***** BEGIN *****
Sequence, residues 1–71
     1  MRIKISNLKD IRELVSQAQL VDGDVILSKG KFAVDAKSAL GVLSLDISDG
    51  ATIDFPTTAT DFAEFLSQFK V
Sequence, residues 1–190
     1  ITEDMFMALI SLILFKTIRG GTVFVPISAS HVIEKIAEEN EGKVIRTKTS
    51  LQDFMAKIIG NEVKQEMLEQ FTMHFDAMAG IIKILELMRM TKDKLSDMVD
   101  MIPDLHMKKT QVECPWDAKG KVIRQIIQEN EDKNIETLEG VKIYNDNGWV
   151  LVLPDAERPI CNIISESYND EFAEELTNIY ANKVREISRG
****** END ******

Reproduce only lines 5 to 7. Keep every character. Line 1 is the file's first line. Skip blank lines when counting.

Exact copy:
     1  ITEDMFMALI SLILFKTIRG GTVFVPISAS HVIEKIAEEN EGKVIRTKTS
    51  LQDFMAKIIG NEVKQEMLEQ FTMHFDAMAG IIKILELMRM TKDKLSDMVD
   101  MIPDLHMKKT QVECPWDAKG KVIRQIIQEN EDKNIETLEG VKIYNDNGWV